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Material girls

Published: 08.07.2010
Sanna Svedestedt Carboo, Karin Roy Andersson Sanna Svedestedt Carboo, Karin Roy Andersson
Author:
Sanna Svedestedt Carboo, Karin Roy Andersson
Edited by:
Klimt02
Edited at:
Gothenburg
Edited on:
2010

Intro
To us it is a lot like a love affair. A new relationship takes form when exploring the different characters of a new material. Karin, for example, is in love with Corian.
We do not really agree that diamonds are a girl’s best friends. Some of us are happy with – or maybe even obsessed by – plastics, textile, glue, paint or rubber.

To us it is a lot like a love affair. A new relationship takes form when exploring the different characters of a new material. Karin, for example, is in love with Corian.

Our relation did not start off with an instant crush. Corian was hard and sticky. I had to be careful not to break my sawing blades and drills. After a while I discovered the other sides of Corian’s personality – the lightness, the strength and the amazing surface that can be polished until I becomes all shiny or leave matt as it is after sawing.

  Karin Roy Michelle Andersson
Bracelet: Kotor 2008. Corian, pearlsilk, silver.



Sanna has had a fling with reindeer skin for a while now;
I love this natural material. Treated in the right manner, it can be very flexible and soft, but it is also so strong. I really like the connotations to my history and heritage, how this material has been used before in old days way up north in Sweden, for everyday purposes like clothing, shoes, wallets – and jewellery. If I can explore new ways to keep this tradition going, I would feel very pround.


  Sanna Svedestedt at work with reindeer skin


Getting to know a material or developing a technique takes time and stamina, but once you have cracked the code of the material you can discover endless possibilities – and you get hooked. At the jewellery department at HDK Gothenburg, this was a common phenomenon. Märta Mattson fell in love with plastics and resin, and if there was anything you needed to know, she would have the answer. Märta moved on to Royal College of Art and graduated this spring with her plastic beetles. We are sure that she will continue to wow us with her delicate specialities.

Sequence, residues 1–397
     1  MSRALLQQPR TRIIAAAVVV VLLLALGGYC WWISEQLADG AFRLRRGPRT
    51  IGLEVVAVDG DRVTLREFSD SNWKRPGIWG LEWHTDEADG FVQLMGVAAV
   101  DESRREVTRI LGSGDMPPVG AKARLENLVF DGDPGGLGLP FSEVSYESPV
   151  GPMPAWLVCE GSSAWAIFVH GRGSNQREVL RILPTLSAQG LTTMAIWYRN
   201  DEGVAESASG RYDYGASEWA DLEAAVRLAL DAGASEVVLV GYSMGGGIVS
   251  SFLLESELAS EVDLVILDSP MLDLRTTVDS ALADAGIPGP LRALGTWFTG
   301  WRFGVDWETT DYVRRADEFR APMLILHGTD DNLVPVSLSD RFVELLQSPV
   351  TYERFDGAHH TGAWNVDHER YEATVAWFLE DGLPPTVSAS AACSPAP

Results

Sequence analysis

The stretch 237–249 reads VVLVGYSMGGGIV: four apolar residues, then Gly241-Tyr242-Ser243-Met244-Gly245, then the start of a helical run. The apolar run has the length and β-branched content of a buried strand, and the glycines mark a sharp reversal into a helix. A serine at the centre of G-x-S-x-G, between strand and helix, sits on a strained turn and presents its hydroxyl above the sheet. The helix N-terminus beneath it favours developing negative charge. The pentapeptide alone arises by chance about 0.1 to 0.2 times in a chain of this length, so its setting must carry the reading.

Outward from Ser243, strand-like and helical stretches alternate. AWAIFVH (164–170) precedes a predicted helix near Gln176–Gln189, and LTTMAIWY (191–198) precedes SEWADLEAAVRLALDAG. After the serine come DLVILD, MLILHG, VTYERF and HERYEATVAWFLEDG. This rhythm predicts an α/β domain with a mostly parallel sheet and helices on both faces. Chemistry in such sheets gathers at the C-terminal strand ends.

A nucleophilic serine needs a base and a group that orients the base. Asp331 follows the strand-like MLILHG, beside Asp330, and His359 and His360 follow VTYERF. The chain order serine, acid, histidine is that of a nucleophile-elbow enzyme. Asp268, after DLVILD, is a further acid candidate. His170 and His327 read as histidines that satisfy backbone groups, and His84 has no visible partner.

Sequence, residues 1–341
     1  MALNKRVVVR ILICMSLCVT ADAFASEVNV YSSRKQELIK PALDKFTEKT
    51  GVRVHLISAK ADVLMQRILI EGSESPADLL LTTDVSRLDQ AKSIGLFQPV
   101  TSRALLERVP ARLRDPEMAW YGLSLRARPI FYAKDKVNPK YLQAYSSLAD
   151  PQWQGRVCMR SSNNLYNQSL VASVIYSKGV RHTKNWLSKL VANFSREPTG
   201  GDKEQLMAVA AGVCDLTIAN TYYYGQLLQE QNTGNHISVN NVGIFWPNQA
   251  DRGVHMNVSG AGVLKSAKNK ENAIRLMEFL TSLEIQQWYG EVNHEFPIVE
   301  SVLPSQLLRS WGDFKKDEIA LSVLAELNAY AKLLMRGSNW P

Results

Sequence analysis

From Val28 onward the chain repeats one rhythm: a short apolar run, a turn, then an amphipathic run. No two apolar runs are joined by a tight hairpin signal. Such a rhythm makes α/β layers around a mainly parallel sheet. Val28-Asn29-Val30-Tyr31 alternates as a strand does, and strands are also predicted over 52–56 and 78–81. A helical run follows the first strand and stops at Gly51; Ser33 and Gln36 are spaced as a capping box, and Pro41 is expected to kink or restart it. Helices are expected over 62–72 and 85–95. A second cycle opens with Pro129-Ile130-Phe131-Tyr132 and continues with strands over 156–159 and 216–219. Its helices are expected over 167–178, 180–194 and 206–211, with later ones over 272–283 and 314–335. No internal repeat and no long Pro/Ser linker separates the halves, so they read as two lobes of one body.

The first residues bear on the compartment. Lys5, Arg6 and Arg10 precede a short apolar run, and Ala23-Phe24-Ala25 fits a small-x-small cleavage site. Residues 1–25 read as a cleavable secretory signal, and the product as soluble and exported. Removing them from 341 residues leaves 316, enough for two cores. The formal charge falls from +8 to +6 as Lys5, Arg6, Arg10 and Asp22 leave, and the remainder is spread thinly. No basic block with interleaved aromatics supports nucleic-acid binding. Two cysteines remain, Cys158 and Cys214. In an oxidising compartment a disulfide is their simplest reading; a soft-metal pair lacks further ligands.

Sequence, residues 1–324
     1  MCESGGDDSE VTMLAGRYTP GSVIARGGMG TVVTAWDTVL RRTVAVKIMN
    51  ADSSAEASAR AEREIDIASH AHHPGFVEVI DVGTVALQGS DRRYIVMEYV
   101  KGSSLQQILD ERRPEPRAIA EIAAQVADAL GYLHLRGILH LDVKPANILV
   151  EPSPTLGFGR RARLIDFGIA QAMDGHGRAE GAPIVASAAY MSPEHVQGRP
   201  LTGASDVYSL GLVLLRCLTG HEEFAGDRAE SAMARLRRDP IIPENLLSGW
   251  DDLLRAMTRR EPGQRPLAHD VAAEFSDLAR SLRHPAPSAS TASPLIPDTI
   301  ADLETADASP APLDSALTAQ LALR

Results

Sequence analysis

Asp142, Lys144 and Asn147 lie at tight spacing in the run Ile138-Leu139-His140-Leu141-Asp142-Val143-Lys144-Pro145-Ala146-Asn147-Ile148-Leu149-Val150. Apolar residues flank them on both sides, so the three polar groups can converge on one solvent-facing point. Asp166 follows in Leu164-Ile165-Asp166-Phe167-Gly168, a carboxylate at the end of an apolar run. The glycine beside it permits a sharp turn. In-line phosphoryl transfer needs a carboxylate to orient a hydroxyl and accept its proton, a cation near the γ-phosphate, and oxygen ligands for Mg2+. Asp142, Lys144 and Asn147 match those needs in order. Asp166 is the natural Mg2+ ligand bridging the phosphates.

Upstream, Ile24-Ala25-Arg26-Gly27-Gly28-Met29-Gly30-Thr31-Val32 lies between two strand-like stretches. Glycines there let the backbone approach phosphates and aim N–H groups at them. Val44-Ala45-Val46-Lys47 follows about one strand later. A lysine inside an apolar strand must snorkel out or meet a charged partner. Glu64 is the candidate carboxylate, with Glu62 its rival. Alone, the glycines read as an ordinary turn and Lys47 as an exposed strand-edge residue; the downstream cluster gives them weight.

Märta Mattsson
Brooch: Rebirth. Copper electroformed Atlas beetle, white cubic zirconias, lacquer silver



Klara Brynge took her masters degree from HDK last year. She has been exploring the possibilities of silver. She treats it in ways that make a flat sheet become something like a three-dimensional drawing.


  Klara Brynge
Neckpiece: Untitled 2009. Silver, 15.5 x 6.5 x 1.1 cm


This materialistic relationship is filled with ups and downs – like a love affair. To discover a material is like getting to know someone. It can be a slow process in beginning, taking small steps towards this new acquaintance. Sometimes it is an instant passion. Anything seems possible - until you suddenly heat/bend/soak it too much. Does it break? Yes, sometimes. At this moment it might be time to realize that we are not right for each other. Or, to overcome the obstacles and discover something new.

There are so many super specialists in jewellery. We love these works in hair, rubber and wood - just to mention a few.


 
Francis Willemstijn
Necklace: Hair 2006.
Silver, human hair, glass, iron


 
Nikolay Sardamov
Brooch: BI-RE- CYCLE. Blackened silver, rubber




Willemijn de Greef.
Brooch: Spakenburg 1 2009
. Teak wood, silver, paint
15 x 14 x 3,5 cm

Zuiderzeewerken II



Sunny greetings from Barcelona and Gothenburg

Karin Roy Andersson & Sanna Svedestedt
Appreciate APPRECIATE